Colors Bring Abstract Artist’s Works Alive


When you first observe the works of local artist Williams Slinkard, you notice a mixture of paintings with vibrant colors, while working a variant of more subtle. The Murfreesboro, Tn. artist is one of the featured artists at Friday night’s ‘Boro Art Crawl.

In His Own Words:

Here are some thoughts we found on Mr. Slinkard’s website concerning his work.

Color Field painting is a subset of Abstract Expressionism that evolved in post war America of the late 1940’s and came to maturation in the 1950’s.  This style treats the painting as a field of vision devoid of central focus, emphasizing the flatness of surface and paint, as well as, the tension created by the juxtaposition and interaction of color areas.  Classic Color Field painting is meant to be viewed so as to fill the viewer’s entire field of vision with color.  This experience floods the eyes with color, saturating the mind, and allowing the resonating energy and power produced by color to be sensed by the viewer.

A philosophical underpinning for this movement is the concept of The Sublime, and its associated qualities as established by the Anglo-Irish philosopher Burke.  These qualities include openness of dimension, emptiness, vastness, oneness, and a lack of boundaries.  Use of this concept freed the artist from the idea of subject.  This idea, finally eliminated the need for an identifiable subject, as had always previously existed in formal painting.  Large loose blocks of color and their interaction with themselves, become the essence of the work.  This paradigm shift allowed color and its interactions with light to become the object.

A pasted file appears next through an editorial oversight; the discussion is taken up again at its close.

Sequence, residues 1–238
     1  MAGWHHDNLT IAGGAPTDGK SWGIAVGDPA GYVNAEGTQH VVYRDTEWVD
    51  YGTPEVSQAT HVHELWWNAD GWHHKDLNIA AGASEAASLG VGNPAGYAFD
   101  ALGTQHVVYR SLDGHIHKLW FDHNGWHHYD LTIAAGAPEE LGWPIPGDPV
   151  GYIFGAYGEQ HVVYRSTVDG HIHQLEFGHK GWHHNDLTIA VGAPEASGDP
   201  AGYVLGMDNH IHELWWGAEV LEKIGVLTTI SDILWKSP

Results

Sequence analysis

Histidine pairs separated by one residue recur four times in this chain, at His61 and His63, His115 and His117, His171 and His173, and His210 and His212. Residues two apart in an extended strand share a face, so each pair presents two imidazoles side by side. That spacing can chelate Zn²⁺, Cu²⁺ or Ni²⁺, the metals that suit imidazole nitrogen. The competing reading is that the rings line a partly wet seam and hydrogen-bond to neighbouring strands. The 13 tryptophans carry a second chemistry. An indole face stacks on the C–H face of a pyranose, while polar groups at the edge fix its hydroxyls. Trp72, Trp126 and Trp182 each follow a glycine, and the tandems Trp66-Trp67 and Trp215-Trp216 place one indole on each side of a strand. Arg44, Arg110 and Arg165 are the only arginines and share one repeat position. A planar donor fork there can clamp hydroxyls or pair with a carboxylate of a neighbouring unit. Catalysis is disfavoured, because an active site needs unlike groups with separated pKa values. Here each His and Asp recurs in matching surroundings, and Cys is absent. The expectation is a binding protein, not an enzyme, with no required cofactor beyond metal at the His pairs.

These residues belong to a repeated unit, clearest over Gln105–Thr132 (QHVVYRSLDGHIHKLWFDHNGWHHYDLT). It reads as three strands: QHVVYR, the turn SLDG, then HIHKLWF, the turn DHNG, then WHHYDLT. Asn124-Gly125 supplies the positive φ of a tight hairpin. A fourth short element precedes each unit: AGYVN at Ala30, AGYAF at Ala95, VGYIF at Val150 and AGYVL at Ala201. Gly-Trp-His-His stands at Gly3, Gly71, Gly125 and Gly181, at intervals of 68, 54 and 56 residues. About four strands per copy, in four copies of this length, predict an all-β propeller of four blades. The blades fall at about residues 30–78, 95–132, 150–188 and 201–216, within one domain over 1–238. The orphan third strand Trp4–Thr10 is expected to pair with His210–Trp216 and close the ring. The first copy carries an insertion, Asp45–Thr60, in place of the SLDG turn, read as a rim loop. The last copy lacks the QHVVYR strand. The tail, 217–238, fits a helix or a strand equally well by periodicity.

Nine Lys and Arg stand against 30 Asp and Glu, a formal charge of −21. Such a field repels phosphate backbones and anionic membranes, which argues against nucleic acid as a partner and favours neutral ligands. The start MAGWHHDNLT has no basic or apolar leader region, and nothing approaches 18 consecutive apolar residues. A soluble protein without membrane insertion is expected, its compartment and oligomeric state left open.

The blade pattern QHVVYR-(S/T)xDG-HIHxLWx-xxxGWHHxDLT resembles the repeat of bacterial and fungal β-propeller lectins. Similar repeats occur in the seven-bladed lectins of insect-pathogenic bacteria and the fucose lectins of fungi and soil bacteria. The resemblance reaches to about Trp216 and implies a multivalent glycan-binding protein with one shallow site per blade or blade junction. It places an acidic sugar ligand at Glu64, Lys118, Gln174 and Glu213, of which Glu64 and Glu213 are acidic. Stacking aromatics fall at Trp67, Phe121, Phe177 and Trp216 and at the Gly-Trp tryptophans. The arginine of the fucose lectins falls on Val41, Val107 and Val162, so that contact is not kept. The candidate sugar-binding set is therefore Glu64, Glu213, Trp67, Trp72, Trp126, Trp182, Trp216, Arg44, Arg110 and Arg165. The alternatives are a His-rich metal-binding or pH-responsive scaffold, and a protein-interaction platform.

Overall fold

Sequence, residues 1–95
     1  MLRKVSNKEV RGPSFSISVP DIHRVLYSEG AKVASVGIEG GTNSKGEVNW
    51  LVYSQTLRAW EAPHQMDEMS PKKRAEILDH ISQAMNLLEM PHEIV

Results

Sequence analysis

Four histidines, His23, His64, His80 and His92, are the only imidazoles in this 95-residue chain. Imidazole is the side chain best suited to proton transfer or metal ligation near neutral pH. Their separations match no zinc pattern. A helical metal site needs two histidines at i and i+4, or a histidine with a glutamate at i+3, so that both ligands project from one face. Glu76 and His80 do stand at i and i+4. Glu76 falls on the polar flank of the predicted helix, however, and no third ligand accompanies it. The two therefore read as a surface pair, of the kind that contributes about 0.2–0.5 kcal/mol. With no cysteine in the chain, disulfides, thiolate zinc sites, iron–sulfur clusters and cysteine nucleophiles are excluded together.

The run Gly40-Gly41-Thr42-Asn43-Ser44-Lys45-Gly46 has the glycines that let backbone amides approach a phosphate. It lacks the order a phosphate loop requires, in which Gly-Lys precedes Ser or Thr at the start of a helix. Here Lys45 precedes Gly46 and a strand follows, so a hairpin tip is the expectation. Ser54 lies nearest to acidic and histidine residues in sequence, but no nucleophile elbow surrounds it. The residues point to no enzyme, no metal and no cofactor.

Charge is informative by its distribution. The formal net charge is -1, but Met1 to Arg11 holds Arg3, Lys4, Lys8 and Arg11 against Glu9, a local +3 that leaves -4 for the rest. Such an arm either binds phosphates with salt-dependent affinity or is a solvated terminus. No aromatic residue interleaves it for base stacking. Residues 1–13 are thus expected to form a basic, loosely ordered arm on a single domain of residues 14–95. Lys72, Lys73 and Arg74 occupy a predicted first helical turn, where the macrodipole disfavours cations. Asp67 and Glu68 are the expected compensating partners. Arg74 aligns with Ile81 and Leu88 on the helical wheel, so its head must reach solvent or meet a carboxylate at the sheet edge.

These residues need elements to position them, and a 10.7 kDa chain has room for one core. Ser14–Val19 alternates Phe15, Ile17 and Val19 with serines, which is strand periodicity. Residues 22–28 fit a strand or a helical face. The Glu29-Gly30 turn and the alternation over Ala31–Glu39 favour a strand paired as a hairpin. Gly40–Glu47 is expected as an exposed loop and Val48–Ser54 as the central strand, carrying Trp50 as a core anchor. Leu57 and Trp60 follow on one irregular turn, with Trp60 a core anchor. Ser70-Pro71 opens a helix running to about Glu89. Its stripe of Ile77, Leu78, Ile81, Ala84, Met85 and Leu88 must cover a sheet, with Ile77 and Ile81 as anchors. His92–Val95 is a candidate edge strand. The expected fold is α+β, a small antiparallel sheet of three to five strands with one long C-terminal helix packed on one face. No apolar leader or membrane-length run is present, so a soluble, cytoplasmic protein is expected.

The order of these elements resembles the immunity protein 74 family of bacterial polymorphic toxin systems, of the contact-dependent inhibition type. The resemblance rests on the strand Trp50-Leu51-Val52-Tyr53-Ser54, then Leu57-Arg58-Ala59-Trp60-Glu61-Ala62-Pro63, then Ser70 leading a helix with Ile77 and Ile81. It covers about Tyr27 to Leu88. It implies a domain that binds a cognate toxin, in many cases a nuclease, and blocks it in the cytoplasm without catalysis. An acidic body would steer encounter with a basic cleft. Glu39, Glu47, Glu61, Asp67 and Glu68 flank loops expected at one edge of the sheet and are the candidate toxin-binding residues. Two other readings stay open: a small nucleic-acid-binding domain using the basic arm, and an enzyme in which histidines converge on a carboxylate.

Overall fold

My works flow from these streams of thought.  A painting’s colors are optical and don’t exist without the interactions of light.  These works have multiple layers of paint, glazes and varnishes to attempt to provide richness and depth of color that is often missing from earlier and more “classic” Color Field work. The numerous layers of pigment and medium allow light penetration past the surface and into the painting, providing a more complex reflection for decoding into an image by our visual center.  This deeper depth of color provides an additional opportunity for the color tension aspect, of color field theory, to be developed in all three dimensions, in contrast to the standard planar concept of the original Color Field artists.

Slinkard’s works can be seen at the Murfreesboro City Hall.

Please Join Our FREE Newsletter!